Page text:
Little Mousetail [Myosurus minimus L. ssp. apus Greene]
Listing CNPS List 3 R-E-D Code 2-3-2
State/Federal. Status -- /C2 RANUNCULACEAE Mar.-Jun.
Global Rank G5T2Q State Rank S2.2
Distribution: Riverside County, San Bernardino County, San Diego County, Butte County, Alameda County, Contra Costa County, Colusa County, Solano County, Stanislaus County, Kern County; Oregon; Baja California, Mexico
Habitat: Vernal Pools are the habitat utilized by Little Mousetail. Typically this cryptic species grows in the deeper portions of vernal pool basins sprouting immediately after the surface water has evaporated. The stature of plants and population densities of Myosurus minimus change dramatically from wet to dry years. Soils are mapped as Huerhuero loam for both Little Mousetail sites near Dillon Road in the southwestern portion of the county, and for Stewart Mesa in the northwestern portion of the county. Bosanko clays are reported for a site in the Gavilan Hills of Riverside County.
Known Sites: Vernal pools north of Peñasquitos Canyon, purchased as mitigation by CalTrans, possess a limited population of Little Mousetail. A substantial population of this plant grows on the periphery of the vernal pools and even into the adjacent mesic grasslands at the south end of Dillon Road on Otay Mesa. During dry years Myosurus has not been found at this Dillon Road locale, while following one particularly rainy winter, the colony consisted of several hundred mature individuals. Several healthy populations of variety apus occur in vernal pools south and north of Mass 3 Road on Camp Pendleton. Recent reports are from vernal pools on the mesa north of the eastern arm of Lower Otay Lake in the K6 pools; as well as within vernal pools near the intersection of Calbaugh and Brea in Ramona. An older report is from the west side of Proctor Valley Road 1.9 miles north northeast of Upper Otay Reservoir. Data Base reports are from the south end of Santo Road in Tierra Santa, west of Ramona 1.4 miles north of junction of Highway 67 and Highland Valley Road, west of Ramona just south of the Ramona Airport, approximately 0.5 mile south of Lower Otay Campground, above Dennery Canyon along Highway 117 on Otay Mesa, and 0.75 mile east of Highway 75 and 0.25 mile south of Highway 117 on Otay Mesa. A sizeable population occurs in Hemet in western Riverside County near the intersection of Florida and Warren. An estimated 1000 plus plants were observed in a massive vernal pool on the corner of Stowe Road and California Road near Hemet during spring 1992. An old report by Munz places this species in a vernal pool near March Air Force Base in western Riverside County. Data Base reports from Riverside County are for Hartford Springs County Park, from four pools on Mesa de Burro, as well as two pools from Mesa de Colorado on the Santa Rosa Plateau.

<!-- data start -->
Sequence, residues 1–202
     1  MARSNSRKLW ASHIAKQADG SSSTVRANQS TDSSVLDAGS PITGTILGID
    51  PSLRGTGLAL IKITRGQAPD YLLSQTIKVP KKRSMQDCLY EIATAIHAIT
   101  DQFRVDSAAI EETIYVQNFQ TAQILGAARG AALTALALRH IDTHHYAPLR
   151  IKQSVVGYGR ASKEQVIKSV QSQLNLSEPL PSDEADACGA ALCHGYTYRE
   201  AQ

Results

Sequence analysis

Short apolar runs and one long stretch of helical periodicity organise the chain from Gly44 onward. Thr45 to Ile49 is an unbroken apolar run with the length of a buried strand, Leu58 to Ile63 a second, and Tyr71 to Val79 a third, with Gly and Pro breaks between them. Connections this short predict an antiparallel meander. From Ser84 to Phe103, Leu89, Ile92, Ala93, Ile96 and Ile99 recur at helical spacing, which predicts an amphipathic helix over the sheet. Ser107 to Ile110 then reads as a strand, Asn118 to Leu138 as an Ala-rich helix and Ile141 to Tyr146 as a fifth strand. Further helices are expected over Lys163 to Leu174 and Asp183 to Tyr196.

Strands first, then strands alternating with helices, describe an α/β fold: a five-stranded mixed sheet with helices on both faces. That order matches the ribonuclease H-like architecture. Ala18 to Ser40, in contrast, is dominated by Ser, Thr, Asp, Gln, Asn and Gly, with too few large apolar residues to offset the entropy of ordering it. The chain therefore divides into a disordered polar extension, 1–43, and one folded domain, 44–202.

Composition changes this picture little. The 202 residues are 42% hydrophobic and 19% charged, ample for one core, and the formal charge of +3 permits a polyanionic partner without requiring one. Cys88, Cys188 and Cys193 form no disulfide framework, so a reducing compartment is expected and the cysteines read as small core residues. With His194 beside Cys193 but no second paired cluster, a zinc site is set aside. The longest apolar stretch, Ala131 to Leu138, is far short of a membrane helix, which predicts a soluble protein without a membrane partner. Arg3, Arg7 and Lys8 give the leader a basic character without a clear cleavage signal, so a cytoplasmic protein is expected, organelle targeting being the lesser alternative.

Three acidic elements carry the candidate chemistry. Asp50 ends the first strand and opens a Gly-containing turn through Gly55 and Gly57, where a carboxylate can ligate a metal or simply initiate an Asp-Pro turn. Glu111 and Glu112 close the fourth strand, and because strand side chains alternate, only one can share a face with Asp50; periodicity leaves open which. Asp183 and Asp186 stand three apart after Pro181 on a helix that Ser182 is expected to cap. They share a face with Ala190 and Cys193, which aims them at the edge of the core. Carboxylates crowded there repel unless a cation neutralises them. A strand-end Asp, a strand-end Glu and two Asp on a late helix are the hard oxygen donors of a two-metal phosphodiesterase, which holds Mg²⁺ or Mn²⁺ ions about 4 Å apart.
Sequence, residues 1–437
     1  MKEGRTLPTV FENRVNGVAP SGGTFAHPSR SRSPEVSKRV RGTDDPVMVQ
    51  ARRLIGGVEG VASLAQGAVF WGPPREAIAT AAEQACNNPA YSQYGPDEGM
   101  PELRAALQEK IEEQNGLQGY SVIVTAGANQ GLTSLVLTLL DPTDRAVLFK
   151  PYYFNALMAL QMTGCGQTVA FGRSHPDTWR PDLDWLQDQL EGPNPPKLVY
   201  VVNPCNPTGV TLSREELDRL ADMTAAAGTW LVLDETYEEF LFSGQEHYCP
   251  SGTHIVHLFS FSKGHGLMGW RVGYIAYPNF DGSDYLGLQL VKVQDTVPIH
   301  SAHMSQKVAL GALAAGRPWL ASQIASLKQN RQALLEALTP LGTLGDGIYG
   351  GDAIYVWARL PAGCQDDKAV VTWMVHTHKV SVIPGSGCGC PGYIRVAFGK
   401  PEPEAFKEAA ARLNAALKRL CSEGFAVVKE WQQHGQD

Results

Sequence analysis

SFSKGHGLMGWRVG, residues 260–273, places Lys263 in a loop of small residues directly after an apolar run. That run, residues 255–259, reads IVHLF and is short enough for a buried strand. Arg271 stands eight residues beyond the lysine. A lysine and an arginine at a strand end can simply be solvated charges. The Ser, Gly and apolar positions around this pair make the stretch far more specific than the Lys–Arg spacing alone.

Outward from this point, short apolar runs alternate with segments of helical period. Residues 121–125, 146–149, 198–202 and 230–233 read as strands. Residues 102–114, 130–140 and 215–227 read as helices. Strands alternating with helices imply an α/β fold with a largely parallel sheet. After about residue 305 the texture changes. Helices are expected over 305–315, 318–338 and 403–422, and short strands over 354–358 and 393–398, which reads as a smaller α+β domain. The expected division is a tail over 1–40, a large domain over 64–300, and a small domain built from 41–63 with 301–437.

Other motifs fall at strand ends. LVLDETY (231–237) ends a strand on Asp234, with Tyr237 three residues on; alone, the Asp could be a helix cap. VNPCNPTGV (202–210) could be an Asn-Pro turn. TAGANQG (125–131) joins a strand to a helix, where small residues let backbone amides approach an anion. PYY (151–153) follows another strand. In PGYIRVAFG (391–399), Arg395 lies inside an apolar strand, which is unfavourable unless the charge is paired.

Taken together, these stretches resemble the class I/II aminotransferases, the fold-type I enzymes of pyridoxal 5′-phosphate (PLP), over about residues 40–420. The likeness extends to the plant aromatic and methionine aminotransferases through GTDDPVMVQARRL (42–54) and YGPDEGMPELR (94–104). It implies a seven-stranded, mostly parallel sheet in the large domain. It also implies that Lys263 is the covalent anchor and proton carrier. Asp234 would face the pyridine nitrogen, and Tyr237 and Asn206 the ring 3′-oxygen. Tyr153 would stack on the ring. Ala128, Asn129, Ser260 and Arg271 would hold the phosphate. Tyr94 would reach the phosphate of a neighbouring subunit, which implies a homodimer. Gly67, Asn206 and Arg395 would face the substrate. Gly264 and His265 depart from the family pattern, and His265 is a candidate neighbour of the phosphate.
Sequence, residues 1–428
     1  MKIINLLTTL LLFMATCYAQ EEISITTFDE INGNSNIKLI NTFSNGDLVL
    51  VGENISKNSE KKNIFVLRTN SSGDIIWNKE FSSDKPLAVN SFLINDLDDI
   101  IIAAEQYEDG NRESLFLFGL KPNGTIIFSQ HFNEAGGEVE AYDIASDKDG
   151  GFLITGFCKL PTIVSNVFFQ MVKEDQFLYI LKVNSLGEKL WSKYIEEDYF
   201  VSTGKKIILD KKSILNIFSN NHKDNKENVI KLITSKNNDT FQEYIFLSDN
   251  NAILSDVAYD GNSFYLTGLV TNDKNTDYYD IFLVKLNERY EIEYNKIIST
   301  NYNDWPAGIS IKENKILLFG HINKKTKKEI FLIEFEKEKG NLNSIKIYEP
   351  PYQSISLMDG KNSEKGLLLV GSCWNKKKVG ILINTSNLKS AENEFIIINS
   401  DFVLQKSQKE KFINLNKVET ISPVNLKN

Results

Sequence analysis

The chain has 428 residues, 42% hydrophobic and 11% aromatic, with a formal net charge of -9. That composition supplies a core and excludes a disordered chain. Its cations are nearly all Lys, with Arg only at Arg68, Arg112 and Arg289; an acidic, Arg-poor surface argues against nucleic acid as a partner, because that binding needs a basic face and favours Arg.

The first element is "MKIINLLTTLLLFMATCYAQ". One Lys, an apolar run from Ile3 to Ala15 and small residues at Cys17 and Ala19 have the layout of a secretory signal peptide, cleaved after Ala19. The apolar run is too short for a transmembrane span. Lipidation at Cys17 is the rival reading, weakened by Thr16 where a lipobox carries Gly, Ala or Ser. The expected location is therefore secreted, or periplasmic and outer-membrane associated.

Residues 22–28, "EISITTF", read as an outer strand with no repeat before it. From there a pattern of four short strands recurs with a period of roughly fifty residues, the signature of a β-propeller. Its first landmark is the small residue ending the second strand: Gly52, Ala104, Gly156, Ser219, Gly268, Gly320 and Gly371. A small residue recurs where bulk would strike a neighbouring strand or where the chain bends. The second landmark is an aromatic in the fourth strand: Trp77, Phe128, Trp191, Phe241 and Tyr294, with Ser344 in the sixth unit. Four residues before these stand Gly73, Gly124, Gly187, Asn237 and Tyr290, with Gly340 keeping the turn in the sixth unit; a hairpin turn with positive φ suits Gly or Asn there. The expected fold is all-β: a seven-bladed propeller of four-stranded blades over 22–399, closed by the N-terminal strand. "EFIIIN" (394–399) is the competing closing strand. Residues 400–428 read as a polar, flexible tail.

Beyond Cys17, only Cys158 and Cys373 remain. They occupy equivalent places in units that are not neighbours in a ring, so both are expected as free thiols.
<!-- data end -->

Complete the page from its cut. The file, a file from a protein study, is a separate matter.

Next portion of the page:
Four Baja California specimens are found at the herbarium for the San Diego Natural History Museum; south to 31 16' North where collected by Moran (SD 101579) at a vernal pond on the south side of a river near Erendira. Limited numbers were seen in a vernal pool complex north of Cerro Bola and west of the Tecate/Ensenada Highway in Valle de las Palmas, Baja California.
Status: Little Mousetail is declining throughout its limited Southern California range. The Camp Pendleton populations are threatened by development for varied military activities; locales near Hemet are clearly endangered by urban expansion. In the Dieter Wilken treatment of Myosurus in the Jepson Manual (1993), subspecies apus is not given distinctive recognition, but is mentioned within the discussion of M. minimus. The relationship of disjunct Southern California populations with plants in the San Joaquin Valley needs to be addressed. Until taxonomic questions are resolved, it is recommended that all Southern California populations should be protected.
Copyright © May 1994 Craig H. Reiser.
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